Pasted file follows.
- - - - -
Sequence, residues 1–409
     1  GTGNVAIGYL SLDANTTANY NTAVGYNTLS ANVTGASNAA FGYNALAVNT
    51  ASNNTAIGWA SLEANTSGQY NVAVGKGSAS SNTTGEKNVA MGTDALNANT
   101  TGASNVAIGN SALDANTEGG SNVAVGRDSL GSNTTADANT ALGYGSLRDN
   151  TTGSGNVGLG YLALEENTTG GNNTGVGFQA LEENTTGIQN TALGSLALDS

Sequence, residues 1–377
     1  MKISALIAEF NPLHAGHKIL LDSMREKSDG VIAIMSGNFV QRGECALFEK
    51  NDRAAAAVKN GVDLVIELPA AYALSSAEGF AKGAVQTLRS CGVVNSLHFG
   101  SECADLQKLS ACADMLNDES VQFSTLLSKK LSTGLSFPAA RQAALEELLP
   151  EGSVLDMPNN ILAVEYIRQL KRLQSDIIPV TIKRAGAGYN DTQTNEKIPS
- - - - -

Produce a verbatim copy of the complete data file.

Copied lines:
Sequence, residues 1–409
     1  GTGNVAIGYL SLDANTTANY NTAVGYNTLS ANVTGASNAA FGYNALAVNT
    51  ASNNTAIGWA SLEANTSGQY NVAVGKGSAS SNTTGEKNVA MGTDALNANT
   101  TGASNVAIGN SALDANTEGG SNVAVGRDSL GSNTTADANT ALGYGSLRDN
   151  TTGSGNVGLG YLALEENTTG GNNTGVGFQA LEENTTGIQN TALGSLALDS

Sequence, residues 1–377
     1  MKISALIAEF NPLHAGHKIL LDSMREKSDG VIAIMSGNFV QRGECALFEK
    51  NDRAAAAVKN GVDLVIELPA AYALSSAEGF AKGAVQTLRS CGVVNSLHFG
   101  SECADLQKLS ACADMLNDES VQFSTLLSKK LSTGLSFPAA RQAALEELLP
   151  EGSVLDMPNN ILAVEYIRQL KRLQSDIIPV TIKRAGAGYN DTQTNEKIPS